One hundred days do not make a presidency, but that did not stop the media circus that unfolded last week. Major networks and newspapers designed "one hundred day" logos, created "scorecards" and devoted unending coverage to an evaluation of Barack Obama's performance. The White House continued to insist that the 100th day was a day like any other. Nevertheless, determined not to let the story spin out of control, the president held a prime time news conference, ensuring that the White House stamp would be on the coverage of the day.
In a sense the White House was right. The first three months of a presidency do not provide enough data to predict the long-term success or failure of an administration. But, like any other artificially imposed metric, the 100-day measure (which has been used since the first term of Franklin Delano Roosevelt in 1933) can be useful if for no other reason than to allow an early assessment of performance, ascertaining patterns of behaviour, organisation and style of governance.
Like any other first impression, it may prove wrong, but it sets a tone and, rightly or wrongly, influences later judgements. During the long 2008 campaign we learnt a great deal about Mr Obama. He set a determined course of action and, with a discipline unmatched by his initially better known and more experienced rivals, he won. He appeared unflappable even in the face of unexpected challenges that threatened to derail his candidacy.
He promised to tackle big problems by making major changes, leaving no challenge unmet. Recall how during the early days of the financial crisis, when faced with the collapse of the country's lending institutions, John McCain suspended his campaign, announcing he was returning to Washington in an effort to affect Congress's handling of the crisis. Mr Obama rejected this approach and, unfazed, chided his opponent, reminding him that a president would be expected to do more than one thing at a time.
It is with this same sense of confidence and determination to address the multiple crises facing the country that Mr Obama has approached his first few months in office. On his first full day as president, for example, he called Arab leaders pledging his commitment to Middle East peace. The next day he appointed George Mitchell, a former senator, and Richard Holbrooke, a former ambassador, as special envoys, following this with a wide-ranging interview on Al Arabiya television reaffirming his determination to achieving peace and improving relations with the Arab and Muslim worlds.
These very same days the president ordered the closing of the prison for terrorist suspects at the US naval base on Guantanamo Bay in Cuba and ended the use of torture. He set strict limits on the role of lobbyists in his administration, expanded the rights of women in the workplace and lifted restrictions on stem cell research. The White House also secured passage of a massive "stimulus bill" that was specifically designed not only to spur economic growth and save jobs, but also to advance the agenda on which he had run his campaign: expanding health care, improving education, rebuilding the country's infrastructure and developing renewable energy.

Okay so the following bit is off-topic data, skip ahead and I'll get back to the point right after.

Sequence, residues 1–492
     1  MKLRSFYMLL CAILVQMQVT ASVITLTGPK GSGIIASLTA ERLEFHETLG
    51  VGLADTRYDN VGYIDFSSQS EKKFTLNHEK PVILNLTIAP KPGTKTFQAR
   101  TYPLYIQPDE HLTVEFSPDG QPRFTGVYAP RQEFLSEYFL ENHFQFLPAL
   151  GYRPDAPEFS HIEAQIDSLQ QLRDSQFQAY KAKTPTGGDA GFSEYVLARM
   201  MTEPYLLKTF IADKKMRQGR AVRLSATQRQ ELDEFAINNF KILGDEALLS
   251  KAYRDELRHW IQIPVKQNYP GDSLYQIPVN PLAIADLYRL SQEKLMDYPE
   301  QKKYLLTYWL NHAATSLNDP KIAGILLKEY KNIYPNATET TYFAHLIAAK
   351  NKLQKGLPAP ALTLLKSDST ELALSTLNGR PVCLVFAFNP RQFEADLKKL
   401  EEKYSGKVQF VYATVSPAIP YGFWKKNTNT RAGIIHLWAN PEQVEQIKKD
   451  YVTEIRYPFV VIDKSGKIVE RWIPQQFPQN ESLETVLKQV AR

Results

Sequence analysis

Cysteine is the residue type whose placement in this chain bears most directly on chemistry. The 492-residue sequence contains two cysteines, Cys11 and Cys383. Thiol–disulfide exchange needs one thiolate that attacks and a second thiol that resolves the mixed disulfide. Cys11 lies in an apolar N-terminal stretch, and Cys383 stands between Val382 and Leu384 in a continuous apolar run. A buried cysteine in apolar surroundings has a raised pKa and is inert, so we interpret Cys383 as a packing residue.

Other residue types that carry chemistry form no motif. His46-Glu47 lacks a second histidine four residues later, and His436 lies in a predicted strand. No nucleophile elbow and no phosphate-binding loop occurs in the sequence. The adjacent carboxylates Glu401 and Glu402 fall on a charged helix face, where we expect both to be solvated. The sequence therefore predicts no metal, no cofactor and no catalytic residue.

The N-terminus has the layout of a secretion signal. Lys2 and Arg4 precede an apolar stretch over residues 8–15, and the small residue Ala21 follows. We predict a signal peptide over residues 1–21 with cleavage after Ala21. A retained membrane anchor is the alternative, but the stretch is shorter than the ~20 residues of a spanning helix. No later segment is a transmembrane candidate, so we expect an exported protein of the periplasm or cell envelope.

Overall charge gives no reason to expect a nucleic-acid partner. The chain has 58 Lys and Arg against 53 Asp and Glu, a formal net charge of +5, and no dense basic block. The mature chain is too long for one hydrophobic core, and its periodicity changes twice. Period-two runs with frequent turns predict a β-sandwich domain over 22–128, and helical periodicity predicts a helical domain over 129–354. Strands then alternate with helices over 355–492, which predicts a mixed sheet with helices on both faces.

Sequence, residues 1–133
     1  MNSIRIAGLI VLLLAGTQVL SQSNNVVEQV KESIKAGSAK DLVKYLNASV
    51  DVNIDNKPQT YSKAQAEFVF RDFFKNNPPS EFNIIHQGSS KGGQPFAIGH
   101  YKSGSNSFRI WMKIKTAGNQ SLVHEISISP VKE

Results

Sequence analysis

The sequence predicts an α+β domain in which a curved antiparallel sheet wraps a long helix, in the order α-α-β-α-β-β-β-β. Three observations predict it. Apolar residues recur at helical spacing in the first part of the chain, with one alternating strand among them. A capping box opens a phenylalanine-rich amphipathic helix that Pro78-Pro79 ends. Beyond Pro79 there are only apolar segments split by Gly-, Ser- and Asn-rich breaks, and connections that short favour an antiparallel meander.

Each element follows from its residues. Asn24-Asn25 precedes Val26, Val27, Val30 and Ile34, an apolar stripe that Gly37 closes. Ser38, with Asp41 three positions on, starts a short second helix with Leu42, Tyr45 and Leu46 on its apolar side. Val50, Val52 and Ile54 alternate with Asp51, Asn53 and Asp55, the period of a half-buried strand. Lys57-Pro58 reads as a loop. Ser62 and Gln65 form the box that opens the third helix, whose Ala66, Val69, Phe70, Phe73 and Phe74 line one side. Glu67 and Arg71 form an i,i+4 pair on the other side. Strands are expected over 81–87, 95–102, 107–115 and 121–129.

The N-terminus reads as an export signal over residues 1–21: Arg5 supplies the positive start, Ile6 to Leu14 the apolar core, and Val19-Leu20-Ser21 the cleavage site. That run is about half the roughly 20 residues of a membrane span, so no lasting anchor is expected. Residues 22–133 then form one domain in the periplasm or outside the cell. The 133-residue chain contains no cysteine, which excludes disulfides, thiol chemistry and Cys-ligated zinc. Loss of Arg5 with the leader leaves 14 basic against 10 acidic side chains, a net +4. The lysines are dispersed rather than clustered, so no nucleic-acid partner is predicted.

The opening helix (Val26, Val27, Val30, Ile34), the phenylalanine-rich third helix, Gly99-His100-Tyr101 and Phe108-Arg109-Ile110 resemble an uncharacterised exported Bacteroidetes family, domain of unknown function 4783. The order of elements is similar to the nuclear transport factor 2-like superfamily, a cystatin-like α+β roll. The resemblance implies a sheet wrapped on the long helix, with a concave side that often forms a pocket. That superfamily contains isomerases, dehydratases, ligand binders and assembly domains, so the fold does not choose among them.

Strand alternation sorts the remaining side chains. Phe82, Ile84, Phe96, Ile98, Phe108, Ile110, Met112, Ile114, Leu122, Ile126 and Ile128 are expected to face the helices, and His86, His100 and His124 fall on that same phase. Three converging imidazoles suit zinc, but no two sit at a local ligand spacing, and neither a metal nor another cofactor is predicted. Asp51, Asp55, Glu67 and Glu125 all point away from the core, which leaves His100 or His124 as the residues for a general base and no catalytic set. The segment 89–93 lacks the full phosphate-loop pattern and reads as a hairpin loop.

If this were not enough, Mr Obama made clear his deadline for ending the war in Iraq, while detailing a new approach to the Afghan war, that now included an effort to stabilise the situation in Pakistan. He also took steps to deliver on his campaign promise to ease tensions and begin a dialogue with Cuba, Syria and Iran. In short, recognising that he had inherited complex crises on several fronts, Mr Obama rejected the cautionary advice that he focus on one or two and instead used his first 100 days to put his stamp on them all. He has governed, to date, as he had campaigned: taking on big issues while maintaining a dizzying pace and displaying the same unflappability and confidence and the same intelligence and discipline.
And through all of this, despite a deepening partisan divide, the president has maintained high job-approval ratings. He closed out his first 100 days with a rating of 65 per cent - averaging over 63 per cent for the entire period - the highest ratings for any president in recent history. More important is the effect he has had on the public mood. When, in October, US voters were asked whether they believed the country was moving in the right or wrong direction, only 12 per cent said "the right direction", with 79 per cent saying "the wrong direction". Today those "right direction/wrong direction" numbers are even, at 43 per cent.
Impressive? Yes, but it is only the beginning and as the president noted in his news conference, too many challenges remain, too many problems are unresolved. The economic crisis can still grow, the situation in Iraq or Afghanistan/Pakistan can worsen, or other crises can yet emerge (eg, the swine flu outbreak). As I noted shortly after this election, the true measure of a president is not found in his ability to impose his agenda but in his response to unexpected challenges. In this regard Mr Obama's ability to coolly face down multiple crises while maintaining confidence and support of the public has created a solid first impression of confidence and leadership that should serve him well in the months to come.